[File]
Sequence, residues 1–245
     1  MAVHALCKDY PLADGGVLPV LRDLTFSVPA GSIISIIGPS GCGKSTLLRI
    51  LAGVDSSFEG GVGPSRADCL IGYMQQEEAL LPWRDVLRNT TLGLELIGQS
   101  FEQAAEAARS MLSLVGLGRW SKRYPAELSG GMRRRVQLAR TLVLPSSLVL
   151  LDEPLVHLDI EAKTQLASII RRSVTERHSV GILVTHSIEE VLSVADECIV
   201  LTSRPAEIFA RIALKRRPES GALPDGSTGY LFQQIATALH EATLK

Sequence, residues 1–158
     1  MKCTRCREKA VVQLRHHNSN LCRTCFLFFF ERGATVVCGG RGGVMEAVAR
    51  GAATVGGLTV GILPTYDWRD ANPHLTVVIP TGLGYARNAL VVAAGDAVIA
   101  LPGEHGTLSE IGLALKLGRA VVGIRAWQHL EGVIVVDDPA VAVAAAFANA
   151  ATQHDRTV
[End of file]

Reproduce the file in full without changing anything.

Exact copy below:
Sequence, residues 1–245
     1  MAVHALCKDY PLADGGVLPV LRDLTFSVPA GSIISIIGPS GCGKSTLLRI
    51  LAGVDSSFEG GVGPSRADCL IGYMQQEEAL LPWRDVLRNT TLGLELIGQS
   101  FEQAAEAARS MLSLVGLGRW SKRYPAELSG GMRRRVQLAR TLVLPSSLVL
   151  LDEPLVHLDI EAKTQLASII RRSVTERHSV GILVTHSIEE VLSVADECIV
   201  LTSRPAEIFA RIALKRRPES GALPDGSTGY LFQQIATALH EATLK

Sequence, residues 1–158
     1  MKCTRCREKA VVQLRHHNSN LCRTCFLFFF ERGATVVCGG RGGVMEAVAR
    51  GAATVGGLTV GILPTYDWRD ANPHLTVVIP TGLGYARNAL VVAAGDAVIA
   101  LPGEHGTLSE IGLALKLGRA VVGIRAWQHL EGVIVVDDPA VAVAAAFANA
   151  ATQHDRTV